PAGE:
To put it bluntly, this is exactly what Montblanc needs to bring back if they wish to reverse their image somewhat of being an overpriced boutique. It's traditional looks, reasonable price (the whole line was under $200), beautiful writing experience both in feeling and smoothness, as well as quality sufficient to not have resin cracks has made this pen a true winner in my eyes. While it may not be as authoritative as the 149, as ornate as Solitaire, or as rare as a Limited Edition, but this is precisely a pen that Montblanc needs to revive if they want to make themselves more accessible. Elitism is a great thing, but even the nobility must oblige to the needs of commoners in one form or another if they wish to survive.

-Jason
My pen checks and cracks... my strat's nitrocellulose finish checks and cracks. Could that mean that the fancy precious resin is the same stuff that Fender uses to cover their guitars?

-Just a thought....

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#2 Sallent

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Posted 01 December 2007 - 05:35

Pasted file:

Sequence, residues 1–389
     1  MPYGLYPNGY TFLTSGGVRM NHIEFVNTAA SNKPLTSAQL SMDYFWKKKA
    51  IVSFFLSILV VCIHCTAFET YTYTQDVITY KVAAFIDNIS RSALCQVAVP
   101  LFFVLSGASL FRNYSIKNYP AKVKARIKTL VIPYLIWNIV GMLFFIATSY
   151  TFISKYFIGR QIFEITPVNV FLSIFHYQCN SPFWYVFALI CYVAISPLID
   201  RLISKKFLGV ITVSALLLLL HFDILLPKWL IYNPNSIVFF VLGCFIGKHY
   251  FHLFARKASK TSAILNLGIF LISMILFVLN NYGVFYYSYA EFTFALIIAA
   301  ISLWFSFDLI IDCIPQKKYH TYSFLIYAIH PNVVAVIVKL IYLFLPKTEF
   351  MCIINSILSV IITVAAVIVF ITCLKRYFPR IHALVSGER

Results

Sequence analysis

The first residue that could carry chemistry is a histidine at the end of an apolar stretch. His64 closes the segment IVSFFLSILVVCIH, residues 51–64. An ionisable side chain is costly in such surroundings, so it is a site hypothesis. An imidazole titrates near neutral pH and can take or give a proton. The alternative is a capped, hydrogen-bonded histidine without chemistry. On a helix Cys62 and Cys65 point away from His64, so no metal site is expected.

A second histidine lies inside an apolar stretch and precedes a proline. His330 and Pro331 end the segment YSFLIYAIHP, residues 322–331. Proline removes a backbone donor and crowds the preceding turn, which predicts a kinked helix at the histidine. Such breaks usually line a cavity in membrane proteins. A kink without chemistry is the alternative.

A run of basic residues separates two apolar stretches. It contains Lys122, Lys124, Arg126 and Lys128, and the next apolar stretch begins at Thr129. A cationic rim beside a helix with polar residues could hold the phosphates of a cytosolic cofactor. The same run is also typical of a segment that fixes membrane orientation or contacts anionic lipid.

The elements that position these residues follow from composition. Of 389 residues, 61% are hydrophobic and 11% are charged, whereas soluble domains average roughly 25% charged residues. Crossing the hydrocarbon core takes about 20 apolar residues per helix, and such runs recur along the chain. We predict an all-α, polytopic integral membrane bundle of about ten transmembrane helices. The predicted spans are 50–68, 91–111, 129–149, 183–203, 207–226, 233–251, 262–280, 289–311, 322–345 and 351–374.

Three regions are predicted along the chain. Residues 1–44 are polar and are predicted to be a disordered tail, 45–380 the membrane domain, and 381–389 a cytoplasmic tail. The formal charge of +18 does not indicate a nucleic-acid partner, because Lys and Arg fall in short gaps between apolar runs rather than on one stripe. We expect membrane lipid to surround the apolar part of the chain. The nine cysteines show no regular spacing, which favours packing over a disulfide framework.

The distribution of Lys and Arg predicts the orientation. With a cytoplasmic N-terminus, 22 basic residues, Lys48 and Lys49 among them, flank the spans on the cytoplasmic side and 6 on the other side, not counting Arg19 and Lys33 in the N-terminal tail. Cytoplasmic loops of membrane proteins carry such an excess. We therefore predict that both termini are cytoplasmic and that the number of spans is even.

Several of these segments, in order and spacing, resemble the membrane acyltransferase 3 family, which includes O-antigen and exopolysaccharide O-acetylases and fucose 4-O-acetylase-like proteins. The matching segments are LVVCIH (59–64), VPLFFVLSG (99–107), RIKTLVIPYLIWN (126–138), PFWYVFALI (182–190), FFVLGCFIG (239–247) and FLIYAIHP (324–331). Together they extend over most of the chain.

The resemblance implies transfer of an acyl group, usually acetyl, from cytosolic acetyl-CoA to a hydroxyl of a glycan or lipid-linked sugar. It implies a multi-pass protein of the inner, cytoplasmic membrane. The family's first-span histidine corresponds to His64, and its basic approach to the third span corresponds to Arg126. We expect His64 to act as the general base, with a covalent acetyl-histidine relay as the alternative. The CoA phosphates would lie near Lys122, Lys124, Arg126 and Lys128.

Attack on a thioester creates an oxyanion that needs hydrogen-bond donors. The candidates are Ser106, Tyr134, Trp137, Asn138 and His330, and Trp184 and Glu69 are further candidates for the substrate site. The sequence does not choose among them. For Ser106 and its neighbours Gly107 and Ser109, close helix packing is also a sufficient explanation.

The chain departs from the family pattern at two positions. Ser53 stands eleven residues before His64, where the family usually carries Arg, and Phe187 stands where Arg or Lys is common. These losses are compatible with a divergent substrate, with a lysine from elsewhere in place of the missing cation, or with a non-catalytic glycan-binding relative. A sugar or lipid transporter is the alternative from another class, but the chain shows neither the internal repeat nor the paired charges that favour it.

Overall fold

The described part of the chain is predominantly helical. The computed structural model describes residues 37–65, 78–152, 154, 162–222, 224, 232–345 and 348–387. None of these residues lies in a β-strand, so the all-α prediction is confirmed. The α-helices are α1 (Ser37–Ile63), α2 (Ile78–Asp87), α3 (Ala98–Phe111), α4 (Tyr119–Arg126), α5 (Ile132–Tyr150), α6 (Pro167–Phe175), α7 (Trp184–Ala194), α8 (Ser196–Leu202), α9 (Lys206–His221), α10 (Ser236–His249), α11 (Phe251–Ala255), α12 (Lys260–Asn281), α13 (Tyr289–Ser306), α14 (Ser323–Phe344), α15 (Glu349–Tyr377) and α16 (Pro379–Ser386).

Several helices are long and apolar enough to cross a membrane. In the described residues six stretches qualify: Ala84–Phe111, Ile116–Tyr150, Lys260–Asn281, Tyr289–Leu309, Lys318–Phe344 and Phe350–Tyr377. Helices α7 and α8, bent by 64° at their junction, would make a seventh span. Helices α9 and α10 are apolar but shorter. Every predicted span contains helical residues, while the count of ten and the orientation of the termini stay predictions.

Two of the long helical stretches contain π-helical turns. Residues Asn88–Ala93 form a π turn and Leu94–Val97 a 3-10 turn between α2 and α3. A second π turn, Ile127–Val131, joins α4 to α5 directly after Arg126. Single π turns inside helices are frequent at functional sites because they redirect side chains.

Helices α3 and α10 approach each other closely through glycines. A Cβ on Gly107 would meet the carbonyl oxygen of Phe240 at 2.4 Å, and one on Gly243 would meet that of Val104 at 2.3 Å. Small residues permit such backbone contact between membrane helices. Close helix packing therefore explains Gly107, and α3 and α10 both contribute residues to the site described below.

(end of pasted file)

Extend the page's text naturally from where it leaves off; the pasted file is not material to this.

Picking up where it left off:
You nailed it right with Montblanc, great article, i enjoyed reading it. You are right, I have put off buying a Mont blanc because of that. I just have a hard time paying $600 or more on a fountain pen when i could buy a Pelikan M800 or M1000 for less than half of that and get the same or better quality.

Plus the other day when i went to a retailer of Montblancs i was put off by the salesman's insinuations about the status and class i would aquire if i bought one. I buy fountain pens because they are beautiful, comfortable and i like them, not because they will give me more class or make me appear wealthier.

Take it from someone who lives in a community where most people make 350,000 +, believe it or not if you look at the driveways here, most people are here driving Nissans and Toyotas and wearing JC Penny clothes on their days off of work because they feel they have nothing to prove to others (there are a few exceptions though) . People who buy something to make them appear better or classier are either wannabes that want to fool others or have poor self-esteem.

Anyways, getting back on topic (i appologise for getting slightly off topic)


If Mont Blanc came with a line of pens at $200-250, i might give them a second thought. I have written with some before, borrowed from a friend, and they seem like decent writters, and some look real nice, but i have trouble paying $600 or more for what is just a merely decent to slightly excellent fountain pen. I hope i dont go to Mont Blanc hell for these blasphemous remarks or have Montblanc fans write me tons of hate mail for the next month. crybaby.gif

PS: Congrats on your bar-mitzvah!!!!